Jeff Herr, a finalist in the 2011 Big Gig Contest on 610 Sports Radio, was born and raised in Kansas City. Following the Chiefs, Royals, and Jayhawks all his life has led him to blog about all three extensively at the-jeff-report.blogspot.com. He has also spent time covering the Royals for the blog site kingsofkauffman.com as well as serving for a period as the lead editor of throughthephog.com a blog covering the Kansas Jayhawks. When not writing about the local sports scene, he pays the bills by serving as an accountant.
Jeff Herr: Kansas City is the Real All-Star
by Jeff Herr,posted Jul 9 2012 12:07PM
It’s no secret how much I love Kansas City. I was born here, have lived here all my life (outside of a brief stint in college), and have as much KC pride as anybody. People not from Kansas City have often asked me about my love for the sports teams here. They want to know if I would still love these teams if they moved away.
The answer isn’t exactly simple. If the Royals moved away and I had no other baseball team in KC to follow, I would probably still be a fan. If I’m going to be a fan of baseball and it’s a team not in my city I might as well be a fan of the one I’m most familiar with. That said, if a new baseball team were to come here, they would be my new favorite team.
Sports teams and the cities they’re in have a symbiotic relationship like this. While sports don’t directly affect our lives any more than we allow them to, we look at these teams as representatives of us. When they put the "KC" on their cap or helmet they are a uniform representation our city on the field of play.
Recent years have not lent to this being a good representation. Over the last 20 years the Royals have had their struggles with multiple 100 loss seasons. For much of the time since their World Series championship, they have toiled in relative obscurity.
With the All-Star weekend in full swing the eye of the national media is being directed towards Kansas City more than it has since that 1985 championship. With that come articles and questions about the Royals struggles and how beaten down the fanbase has gotten over the years.
While those articles are out and the questions are rightfully asked, other news will come out about KC as well. The national media will be writing (and have already written some) about Kansas City expressing how much they enjoy all the things we are proud of. The barbeque is already a big hit (I tried to go to Oklahoma Joe’s at 2:00 on Saturday only to find the line out the door and around the corner after two busloads of people were brought in). People love the layout of the city, the stadiums, and of course all the people.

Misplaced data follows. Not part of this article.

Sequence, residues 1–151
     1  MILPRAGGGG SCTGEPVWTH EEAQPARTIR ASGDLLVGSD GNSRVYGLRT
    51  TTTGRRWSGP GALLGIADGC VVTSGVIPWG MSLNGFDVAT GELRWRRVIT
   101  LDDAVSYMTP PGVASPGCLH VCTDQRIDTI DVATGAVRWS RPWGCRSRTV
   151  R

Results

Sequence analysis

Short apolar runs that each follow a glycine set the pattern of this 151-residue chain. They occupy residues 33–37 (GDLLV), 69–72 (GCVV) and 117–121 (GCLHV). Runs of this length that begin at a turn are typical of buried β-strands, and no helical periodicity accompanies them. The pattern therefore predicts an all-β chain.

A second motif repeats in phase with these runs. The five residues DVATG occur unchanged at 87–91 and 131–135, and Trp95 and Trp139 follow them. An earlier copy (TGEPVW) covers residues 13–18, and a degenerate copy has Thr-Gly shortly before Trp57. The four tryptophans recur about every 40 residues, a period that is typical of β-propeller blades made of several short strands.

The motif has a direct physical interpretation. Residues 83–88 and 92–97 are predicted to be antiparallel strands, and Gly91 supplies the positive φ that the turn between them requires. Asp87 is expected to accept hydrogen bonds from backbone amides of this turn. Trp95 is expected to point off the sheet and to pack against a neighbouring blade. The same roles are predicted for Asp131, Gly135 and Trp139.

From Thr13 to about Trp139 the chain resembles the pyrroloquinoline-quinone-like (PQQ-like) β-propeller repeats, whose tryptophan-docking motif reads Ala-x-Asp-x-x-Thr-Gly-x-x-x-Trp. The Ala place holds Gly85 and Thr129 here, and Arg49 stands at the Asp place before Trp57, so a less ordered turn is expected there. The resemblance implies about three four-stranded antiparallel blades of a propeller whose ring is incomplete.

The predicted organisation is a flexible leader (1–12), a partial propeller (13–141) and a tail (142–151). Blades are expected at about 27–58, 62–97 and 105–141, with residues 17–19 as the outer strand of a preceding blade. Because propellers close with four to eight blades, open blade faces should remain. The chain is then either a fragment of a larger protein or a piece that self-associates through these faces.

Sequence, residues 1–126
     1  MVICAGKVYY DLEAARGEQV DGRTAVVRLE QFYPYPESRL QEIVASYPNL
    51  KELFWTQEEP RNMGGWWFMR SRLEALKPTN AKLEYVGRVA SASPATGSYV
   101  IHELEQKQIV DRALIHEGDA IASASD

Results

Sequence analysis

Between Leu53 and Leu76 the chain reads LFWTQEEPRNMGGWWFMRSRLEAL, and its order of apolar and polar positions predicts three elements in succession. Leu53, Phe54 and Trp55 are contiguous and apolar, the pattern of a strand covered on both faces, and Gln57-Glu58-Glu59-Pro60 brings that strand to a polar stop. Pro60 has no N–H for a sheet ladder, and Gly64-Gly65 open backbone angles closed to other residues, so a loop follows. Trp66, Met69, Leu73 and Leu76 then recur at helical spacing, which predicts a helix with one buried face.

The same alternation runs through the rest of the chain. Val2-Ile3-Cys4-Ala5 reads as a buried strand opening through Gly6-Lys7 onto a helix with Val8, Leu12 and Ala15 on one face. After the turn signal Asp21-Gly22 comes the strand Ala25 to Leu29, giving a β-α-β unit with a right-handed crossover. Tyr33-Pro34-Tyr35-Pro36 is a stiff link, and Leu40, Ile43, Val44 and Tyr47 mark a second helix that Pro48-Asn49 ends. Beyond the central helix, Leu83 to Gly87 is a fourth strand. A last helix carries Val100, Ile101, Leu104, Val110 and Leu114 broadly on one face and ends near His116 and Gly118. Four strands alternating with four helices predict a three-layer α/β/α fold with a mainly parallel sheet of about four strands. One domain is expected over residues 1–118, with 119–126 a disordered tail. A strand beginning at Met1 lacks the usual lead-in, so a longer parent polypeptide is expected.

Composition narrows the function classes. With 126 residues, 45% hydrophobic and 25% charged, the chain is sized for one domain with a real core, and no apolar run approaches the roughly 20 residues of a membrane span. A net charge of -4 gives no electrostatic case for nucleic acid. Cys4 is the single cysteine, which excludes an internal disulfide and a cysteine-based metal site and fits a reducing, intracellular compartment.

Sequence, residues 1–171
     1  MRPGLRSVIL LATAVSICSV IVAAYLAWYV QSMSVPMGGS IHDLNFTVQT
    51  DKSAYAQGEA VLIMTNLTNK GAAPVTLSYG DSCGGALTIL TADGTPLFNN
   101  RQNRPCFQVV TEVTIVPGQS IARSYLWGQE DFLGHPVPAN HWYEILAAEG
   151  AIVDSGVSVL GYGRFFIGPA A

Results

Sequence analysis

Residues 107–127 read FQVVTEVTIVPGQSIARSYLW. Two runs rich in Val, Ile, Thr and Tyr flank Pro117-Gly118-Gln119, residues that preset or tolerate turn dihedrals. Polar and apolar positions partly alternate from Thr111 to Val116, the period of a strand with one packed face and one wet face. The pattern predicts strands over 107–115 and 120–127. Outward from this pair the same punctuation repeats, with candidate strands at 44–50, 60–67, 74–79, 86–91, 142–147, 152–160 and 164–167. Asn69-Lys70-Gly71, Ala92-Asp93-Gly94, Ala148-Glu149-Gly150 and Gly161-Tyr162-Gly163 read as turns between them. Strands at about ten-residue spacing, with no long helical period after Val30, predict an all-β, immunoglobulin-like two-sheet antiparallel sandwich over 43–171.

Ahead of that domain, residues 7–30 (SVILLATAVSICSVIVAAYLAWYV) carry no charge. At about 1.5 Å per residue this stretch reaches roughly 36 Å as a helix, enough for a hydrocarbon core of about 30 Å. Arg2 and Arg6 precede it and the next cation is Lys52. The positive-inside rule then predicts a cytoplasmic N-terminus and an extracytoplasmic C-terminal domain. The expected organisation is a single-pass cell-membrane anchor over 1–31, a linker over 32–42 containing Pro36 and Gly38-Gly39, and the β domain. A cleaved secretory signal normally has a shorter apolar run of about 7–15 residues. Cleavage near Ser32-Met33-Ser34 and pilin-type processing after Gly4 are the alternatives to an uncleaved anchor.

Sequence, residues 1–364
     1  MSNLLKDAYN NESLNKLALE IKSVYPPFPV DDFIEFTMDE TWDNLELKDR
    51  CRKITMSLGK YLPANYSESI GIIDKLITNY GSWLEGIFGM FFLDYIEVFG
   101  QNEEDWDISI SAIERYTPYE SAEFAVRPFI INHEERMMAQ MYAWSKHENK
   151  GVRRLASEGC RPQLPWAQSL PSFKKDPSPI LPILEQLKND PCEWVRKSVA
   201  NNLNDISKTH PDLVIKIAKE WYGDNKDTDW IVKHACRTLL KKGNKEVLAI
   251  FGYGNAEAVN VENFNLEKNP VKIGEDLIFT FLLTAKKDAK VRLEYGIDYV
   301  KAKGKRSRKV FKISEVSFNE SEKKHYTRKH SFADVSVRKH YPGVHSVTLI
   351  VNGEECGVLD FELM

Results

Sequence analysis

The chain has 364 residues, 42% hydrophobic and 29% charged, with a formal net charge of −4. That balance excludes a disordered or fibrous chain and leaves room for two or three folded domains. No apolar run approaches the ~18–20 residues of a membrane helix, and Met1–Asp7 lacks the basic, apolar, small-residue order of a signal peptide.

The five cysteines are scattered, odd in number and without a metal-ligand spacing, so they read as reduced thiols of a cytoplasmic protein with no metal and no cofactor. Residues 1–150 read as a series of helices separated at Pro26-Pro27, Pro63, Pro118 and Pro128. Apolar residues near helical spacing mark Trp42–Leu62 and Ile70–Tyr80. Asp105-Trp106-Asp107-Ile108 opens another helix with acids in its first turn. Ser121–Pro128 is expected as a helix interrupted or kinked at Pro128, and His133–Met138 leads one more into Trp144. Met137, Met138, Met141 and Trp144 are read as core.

The members of the national media I’ve talked to have only expressed how much they enjoy Kansas City. People from the coasts or the larger Midwest cities like Chicago talk about how they like the city much more than they thought they would. Poor sports teams and constantly being reminded of its “small market” nature lends itself to a less than stellar national reputation. I’ve always found it interesting how much people who’ve never been to Kansas City think of it as more rural than it is. And this leads to many people being pleasantly surprised about how much they enjoy this town.
What they’re really finding out is not only is Kansas City a major city, but we can put on one hell of a show. Most people outside of this town probably questioned why the All-Star game was even brought here. But for those that arrived Friday or Saturday, they quickly found out why.
New visitors will see just how passionate the denizens of this city truly are. Based on our team’s performance over the past 20 years most probably wouldn’t think the Royals have been averaging 23,558 people per night (http://espn.go.com/mlb/attendance). We don’t get the moniker of “best fans in baseball” or even close, but perhaps we should. Even in a year with the All-Star game in town you’d be hard pressed to find as dedicated of a fanbase in many other cities after putting up with all we’ve gone through.
Beyond our passion people have also learned how much the city has to offer for both sports and non-sports fans alike. On Saturday hall of famers Frank Robinson, Dave Winfield, and Hank Aaron all made their way to the Negro League Baseball Museum at 18th & Vine. The museum is a crucial part of sports history and is run incredibly well by president Bob Kendrick. Fox filmed an interview with Kendrick and will be showing a special in the All-Star pregame about the museum and what it means to baseball. Most people probably didn’t realize there was such a museum, let alone that it resides in Kansas City.
Fan Fest may be run by the MLB but with the help of this city it has been one of the biggest and best yet. According to JJ Cooper last night’s Futures Game had attendance of 40,095 and called it “easily [the] best futures game crowd ever, not even close,” on twitter. The same things will most likely be said about the Home Run Derby tonight as well as the actual All-Star Game itself tomorrow.
This is the rare exception of a time when a sporting event can show the separation between the city and its team. While Kansas City only has their one token All-Star in Billy Butler (even though it was overdue and 100% deserving), the city has shown itself to be the true All-Star. As Bob Fescoe said on Twitter recently and I happen to agree: “MLB will leave Kansas City and realize, ‘this is the best all star game in the last 20 years.”
This will be great and possibly even lead to the All-Star Game coming back sooner than 39 years from now. It has been and will continue to be a flawless showing by our city. KC has something to be excited about in baseball for the first time in a long time.